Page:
The Stayzilla case raises questions about how India’s legal and regulatory frameworks can be manipulated to suit those with powerful connections.
For almost a month, Yogi was behind bars for not paying one of his vendors. While the vendor had been accusing the Stayzilla founders of siphoning out money and not settling his dues on priority basis, the plot goes far beyond that.
For those looking at the incident from outside India, and wondering what it really means, it underscores two things. First, India’s abysmal 130 rank on World Bank’s Doing Business survey, is not by accident. There is clearly plenty of scope for improvement. Secondly, despite being the fastest growing startup ecosystem with over 4,000 startups, the country fails on delivering the most important thing a startup needs beyond an idea and funding: the ability to fail fast, kill it, and move on to the next venture.
“While there is a clear intent at the top to make it easier to do business in India, unfortunately, on the ground, things change much more slowly. I really think one of the biggest challenge we face as a nation, as individuals and businesses, is the weakness of the rule of law,” said Ravi Venkatesan, former chairman of Microsoft India, and one of the board members at India’s second biggest IT company, Infosys.
“India is one of the worst countries when it comes to enforcing contracts, in the time taken to get judicial verdicts and  the judicial costs involved in long, drawn battles. Fixing this is absolutely foundational to all progress,” Venkatesan said.
When Yogi announced plans to “reboot” operations and pivot to a new business model in a blog post on February 23 this year, it was supposed to end like most startup stories do. “I am at a crossroads. I am looking at this as a clean start to get back to the roots I am comfortable with. I know there are a lot of other founders at the same juncture,” he wrote in the post.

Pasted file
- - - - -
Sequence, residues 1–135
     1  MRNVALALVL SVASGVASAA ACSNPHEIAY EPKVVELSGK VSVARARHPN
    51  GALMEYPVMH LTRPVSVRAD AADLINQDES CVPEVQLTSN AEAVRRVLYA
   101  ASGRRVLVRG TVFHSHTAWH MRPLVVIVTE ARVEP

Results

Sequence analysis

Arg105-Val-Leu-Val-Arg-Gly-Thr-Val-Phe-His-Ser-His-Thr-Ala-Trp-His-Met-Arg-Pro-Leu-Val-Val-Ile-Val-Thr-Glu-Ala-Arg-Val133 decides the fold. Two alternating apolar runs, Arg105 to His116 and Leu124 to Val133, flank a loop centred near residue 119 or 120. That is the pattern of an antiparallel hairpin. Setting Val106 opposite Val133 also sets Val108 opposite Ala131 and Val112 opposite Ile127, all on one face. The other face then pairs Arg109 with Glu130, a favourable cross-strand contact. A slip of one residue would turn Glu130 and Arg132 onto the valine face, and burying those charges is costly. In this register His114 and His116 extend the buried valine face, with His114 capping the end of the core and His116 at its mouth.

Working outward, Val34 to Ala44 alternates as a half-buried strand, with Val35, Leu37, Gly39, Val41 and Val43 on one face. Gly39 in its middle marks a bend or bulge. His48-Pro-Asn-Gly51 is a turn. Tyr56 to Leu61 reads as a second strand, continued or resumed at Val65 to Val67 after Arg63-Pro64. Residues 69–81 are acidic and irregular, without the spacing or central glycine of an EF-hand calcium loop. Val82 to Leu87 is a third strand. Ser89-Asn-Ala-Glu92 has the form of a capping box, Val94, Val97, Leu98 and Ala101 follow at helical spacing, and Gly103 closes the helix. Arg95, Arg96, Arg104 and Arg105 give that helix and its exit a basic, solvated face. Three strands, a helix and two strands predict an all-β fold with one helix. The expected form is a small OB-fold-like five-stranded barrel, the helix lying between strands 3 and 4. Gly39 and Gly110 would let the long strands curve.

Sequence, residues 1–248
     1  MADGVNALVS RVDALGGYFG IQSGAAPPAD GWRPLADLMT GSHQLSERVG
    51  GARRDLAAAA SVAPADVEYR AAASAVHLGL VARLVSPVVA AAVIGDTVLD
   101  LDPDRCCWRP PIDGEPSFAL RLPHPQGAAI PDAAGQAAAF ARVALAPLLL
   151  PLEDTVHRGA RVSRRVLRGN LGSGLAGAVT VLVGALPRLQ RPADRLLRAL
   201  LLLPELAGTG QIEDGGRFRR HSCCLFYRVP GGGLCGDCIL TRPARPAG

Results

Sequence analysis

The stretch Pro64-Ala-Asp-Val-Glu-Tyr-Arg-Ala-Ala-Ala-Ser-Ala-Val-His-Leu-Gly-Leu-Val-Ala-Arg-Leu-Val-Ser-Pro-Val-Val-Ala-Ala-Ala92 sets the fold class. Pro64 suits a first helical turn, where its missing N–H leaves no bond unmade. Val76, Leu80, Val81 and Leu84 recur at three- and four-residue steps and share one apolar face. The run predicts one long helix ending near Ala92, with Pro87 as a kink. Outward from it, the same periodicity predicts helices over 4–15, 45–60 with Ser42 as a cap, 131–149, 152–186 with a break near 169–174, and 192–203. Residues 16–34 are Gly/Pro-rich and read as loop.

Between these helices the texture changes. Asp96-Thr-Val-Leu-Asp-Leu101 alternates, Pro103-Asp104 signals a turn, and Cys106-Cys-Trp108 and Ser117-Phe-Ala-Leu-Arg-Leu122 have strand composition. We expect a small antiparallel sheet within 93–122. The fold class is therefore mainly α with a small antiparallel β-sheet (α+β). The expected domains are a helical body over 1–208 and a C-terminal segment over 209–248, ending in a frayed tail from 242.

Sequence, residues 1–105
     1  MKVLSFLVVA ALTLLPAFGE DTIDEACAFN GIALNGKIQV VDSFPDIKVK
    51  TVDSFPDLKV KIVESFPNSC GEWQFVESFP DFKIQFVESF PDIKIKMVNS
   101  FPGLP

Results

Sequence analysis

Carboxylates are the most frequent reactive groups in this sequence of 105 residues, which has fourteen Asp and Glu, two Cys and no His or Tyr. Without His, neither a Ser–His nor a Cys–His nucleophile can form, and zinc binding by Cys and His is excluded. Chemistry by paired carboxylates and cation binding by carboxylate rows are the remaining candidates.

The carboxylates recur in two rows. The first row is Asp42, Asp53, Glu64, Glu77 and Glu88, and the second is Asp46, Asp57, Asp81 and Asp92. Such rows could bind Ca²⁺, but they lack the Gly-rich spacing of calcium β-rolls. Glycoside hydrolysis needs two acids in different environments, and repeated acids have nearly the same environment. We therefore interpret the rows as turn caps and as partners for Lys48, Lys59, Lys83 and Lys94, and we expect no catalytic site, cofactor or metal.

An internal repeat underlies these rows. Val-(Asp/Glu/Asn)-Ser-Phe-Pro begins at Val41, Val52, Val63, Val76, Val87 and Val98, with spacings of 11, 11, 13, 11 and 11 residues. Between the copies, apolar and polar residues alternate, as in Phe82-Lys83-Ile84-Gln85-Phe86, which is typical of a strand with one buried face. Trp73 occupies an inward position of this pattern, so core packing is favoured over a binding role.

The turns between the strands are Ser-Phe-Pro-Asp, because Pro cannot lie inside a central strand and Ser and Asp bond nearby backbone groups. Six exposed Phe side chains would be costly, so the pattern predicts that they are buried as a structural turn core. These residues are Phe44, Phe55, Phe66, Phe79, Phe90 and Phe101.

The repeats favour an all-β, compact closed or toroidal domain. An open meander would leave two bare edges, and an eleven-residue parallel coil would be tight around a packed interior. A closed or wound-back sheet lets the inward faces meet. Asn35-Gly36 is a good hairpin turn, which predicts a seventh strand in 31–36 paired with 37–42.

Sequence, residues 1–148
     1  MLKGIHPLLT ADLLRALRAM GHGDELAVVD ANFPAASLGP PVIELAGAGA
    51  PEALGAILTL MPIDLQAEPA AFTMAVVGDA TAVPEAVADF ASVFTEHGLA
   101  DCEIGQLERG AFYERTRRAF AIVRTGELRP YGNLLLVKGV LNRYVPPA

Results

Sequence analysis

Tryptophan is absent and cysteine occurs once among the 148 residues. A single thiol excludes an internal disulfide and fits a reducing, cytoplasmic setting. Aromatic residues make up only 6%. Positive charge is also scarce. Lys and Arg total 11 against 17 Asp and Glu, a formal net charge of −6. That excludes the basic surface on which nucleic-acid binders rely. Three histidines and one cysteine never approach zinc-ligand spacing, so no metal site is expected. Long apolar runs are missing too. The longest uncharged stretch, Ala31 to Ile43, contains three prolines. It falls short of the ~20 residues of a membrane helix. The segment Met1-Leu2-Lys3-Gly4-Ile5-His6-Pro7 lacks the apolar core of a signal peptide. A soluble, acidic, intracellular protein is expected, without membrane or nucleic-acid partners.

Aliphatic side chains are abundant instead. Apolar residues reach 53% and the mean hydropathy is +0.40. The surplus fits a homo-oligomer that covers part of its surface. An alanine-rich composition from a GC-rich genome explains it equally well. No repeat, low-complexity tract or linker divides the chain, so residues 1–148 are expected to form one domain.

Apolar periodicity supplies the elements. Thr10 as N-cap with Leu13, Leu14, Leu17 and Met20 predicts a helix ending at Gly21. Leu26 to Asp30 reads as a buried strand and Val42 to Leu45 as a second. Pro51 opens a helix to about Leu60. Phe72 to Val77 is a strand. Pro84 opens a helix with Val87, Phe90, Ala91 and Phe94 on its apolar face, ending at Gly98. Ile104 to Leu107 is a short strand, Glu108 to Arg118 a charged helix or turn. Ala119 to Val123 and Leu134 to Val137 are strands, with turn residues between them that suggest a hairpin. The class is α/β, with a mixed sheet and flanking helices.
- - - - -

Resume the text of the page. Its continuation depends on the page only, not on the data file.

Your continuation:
After all, Stayzilla wasn’t the first startup to make a pivot or shutdown existing operations in the past year. Since August last year for instance, a startup deadpool list of already dead Indian startups, or the ones about to die, was in circulation. The list contained some 400 names. Stayzilla could have been just one of them.

But that’s not how it played out.

As Stayzilla and its founders were busy winding down the startup’s consumer facing homestay business, a disgruntled vendor came knocking on the doors and triggered what turned out to be a nightmare for them.
The vendor, an advertising agency called Jigsaw, accused the Stayzilla founders of fraud and non-payment of legitimate dues. On their part, the Stayzilla founders maintained that Jigsaw did not deliver advertising hoardings as promised, so they withheld payment.
On the morning of March 11, one of the Stayzilla founders, Sachit Singhi, received a voodoo doll with his son’s picture at his apartment in Bengaluru. Scared out of his wits, Singhi relocated to his co-founder’s (Yogi’s) house with his family.
Over the weekend, Yogi decided to get to Chennai where this advertising agency was based, and find ways to deal with the threats and potential legal battle.

The reason, at least according to some entrepreneurs and volunteers leading the charge, is that Indian law enforcement machinery has little understanding of how startups or venture capital industry works.  

On Tuesday, March 14, Yogi was picked up by the cops based on a complaint from the advertising agency in Chennai. By evening, he was locked up on charges of cheating, fraud and intimidation. (Also read: A week in hell: Inside the Stayzilla founders’ agonising wait).
“He was under pressure from the cops to confess, and he didn’t give in,” Yogi’s wife and Stayzilla’s COO Rupal Yogendra told me over phone a few weeks ago. The couple have a seven-year-old daughter and a six-year-old son.
“I believe as a modern country, we cannot let muscle power decide who gets what, I like standing up to bullies who abuse others — hence my stand,” said Rayapati.
It’s a story that has gripped both existing and would-be entrepreneurs in India, where a generation of young startup founders are now anxious about their startup journeys. Support for Vasupal is forthcoming from a wide range of places. Everyone from the founders of startup unicorns such as Flipkart’s Sachin Bansal, Alibaba-backed Paytm’s Vijay Shekhar Sharma and Kunal Bahl of Softbank-funded Snapdeal, to the country’s think-tanks such as iSpirt, were leading the charge to free Yogi from jail.
Over 1000 startup founders and several industry associations got behind an awareness campaign on Twitter #freeYogi, including the website www.HelpYogi.com